- Adding new dependents or employees at open enrollment or special enrollment events;
- Imposing cost adjustments to keep pace with medical inflation;
- Adding new benefits;
- Making modest adjustments to existing benefits;
- Voluntarily adopting new consumer protections under the new law, or
- Making changes to comply with State or other Federal laws.
Plans will lose their grandfathered status if they choose to make significant changes that reduce benefits, or increase costs. The types of changes that could cause a group health plan to lose grandfathered status include:
- Eliminating all, or substantially all, benefits to diagnose or treat a particular condition. For example, if a plan provides benefits for a particular mental health condition, the treatment for which is a combination of counseling and prescription drugs, and the plan subsequently eliminates benefits for counseling.
- Increase in percentage of a cost-sharing requirement, such as coinsurance, above the level at which it was on March 23, 2010. For example, amending the plan on or after March 23, 2010 to increase a coinsurance amount from 20% to 25% for inpatient surgery.
- Increase of a fixed-amount cost-sharing requirement, other than co-pays, such as a $500 deductible, or a $2,500 out-of-pocket limit, by a total percentage measured from March 23, 2010, that is more than the sum of medical inflation and 15 percentage points.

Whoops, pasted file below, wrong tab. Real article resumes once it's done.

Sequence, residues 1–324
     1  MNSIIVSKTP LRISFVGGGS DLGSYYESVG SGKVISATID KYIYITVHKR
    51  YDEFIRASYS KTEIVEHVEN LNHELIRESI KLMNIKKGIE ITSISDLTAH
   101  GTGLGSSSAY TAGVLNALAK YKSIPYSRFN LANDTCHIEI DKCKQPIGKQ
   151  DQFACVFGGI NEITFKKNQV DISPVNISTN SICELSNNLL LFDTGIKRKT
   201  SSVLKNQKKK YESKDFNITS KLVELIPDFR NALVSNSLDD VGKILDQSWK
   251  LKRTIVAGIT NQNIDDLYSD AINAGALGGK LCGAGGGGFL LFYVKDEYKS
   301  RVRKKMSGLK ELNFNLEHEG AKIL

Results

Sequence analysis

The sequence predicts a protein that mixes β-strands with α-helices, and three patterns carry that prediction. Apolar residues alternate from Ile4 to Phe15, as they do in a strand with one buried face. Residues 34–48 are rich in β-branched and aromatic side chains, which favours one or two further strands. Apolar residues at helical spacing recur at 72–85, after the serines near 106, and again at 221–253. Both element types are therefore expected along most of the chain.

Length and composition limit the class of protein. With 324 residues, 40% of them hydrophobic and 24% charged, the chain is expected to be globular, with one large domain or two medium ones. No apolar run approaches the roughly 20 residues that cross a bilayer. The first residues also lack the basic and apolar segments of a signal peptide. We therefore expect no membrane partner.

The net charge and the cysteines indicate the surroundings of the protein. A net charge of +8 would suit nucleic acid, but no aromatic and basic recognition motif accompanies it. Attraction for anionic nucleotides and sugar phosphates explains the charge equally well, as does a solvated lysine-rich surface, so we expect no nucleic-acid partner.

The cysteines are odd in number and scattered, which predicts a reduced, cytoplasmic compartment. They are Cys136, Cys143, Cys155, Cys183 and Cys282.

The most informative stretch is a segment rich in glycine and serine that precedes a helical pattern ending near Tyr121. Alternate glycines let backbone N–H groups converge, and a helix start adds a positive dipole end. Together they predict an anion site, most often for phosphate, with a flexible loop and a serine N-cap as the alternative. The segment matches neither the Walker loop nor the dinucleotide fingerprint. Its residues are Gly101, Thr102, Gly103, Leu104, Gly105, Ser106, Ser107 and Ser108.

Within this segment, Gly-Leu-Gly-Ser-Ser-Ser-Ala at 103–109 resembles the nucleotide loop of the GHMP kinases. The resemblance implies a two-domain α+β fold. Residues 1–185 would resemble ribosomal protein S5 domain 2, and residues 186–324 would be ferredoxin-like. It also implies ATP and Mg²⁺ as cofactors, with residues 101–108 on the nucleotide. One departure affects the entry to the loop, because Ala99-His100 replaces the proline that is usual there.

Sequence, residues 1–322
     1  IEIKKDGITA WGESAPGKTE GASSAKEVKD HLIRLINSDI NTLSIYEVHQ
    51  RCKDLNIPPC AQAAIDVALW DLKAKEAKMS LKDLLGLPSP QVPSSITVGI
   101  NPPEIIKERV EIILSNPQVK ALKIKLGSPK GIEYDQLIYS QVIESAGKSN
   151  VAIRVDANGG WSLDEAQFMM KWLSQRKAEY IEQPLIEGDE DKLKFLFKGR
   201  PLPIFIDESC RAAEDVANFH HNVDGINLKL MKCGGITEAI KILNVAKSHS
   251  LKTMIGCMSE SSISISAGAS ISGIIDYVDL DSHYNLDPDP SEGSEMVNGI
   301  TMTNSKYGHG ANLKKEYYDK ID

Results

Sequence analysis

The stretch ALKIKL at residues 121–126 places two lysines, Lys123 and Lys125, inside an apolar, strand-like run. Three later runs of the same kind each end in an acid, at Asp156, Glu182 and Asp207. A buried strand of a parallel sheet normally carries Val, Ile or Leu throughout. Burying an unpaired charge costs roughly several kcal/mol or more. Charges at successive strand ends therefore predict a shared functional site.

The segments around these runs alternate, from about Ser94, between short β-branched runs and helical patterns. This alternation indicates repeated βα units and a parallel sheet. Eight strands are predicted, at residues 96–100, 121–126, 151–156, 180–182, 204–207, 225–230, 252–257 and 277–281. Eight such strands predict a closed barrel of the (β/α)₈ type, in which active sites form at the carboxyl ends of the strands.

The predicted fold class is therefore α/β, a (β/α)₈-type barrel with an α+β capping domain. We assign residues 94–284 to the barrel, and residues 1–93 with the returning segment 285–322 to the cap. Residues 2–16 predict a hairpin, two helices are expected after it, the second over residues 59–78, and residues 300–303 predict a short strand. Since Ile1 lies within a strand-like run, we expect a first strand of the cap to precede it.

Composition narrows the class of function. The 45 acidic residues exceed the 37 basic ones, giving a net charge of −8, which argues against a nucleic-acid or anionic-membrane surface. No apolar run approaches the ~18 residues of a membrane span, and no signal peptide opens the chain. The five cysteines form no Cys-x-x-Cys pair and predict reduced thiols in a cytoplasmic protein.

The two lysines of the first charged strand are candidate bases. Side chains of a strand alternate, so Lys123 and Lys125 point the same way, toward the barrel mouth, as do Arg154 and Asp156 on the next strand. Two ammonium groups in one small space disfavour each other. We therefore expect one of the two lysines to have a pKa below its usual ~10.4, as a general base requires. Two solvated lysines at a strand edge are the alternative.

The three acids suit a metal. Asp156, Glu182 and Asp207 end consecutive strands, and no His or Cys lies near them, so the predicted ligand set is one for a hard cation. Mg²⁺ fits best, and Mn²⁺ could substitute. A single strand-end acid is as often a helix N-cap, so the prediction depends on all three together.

- Increase in co-pays by an amount that exceed the greater of:
- A total percentage, measured from March 23, 2010, that is more than the sum of medical inflation, plus 15 percentage points, or
- $5 increased by medical inflation measured from March 23, 2010.
- Amending the plan on or after March 23, 2010 to increase co-pays from $30 per office visit for specialists to $40. Based on the greatest value of the overall medical care component of the CPI-U, this would not cause the plan to lose grandfathered status. However, increasing the co-pay from $30 to $45 effective for a later plan year could cause a plan to lose grandfathered status because the increased amount would exceed the medical inflation amount.
- Amending the plan on or after March 23, 2010 to increase the co-pay from $10 per office visit for primary care providers to $15. The $5 increase would not cause the plan to lose grandfathered status because the $5 amount is less than the medical inflation amount.
- Decrease in contribution rate by employer or employee organization based on a percentage or formula towards the cost of any tier of coverage for any class of similarly situated individuals by more than five points below the contribution rate on March 23, 2010.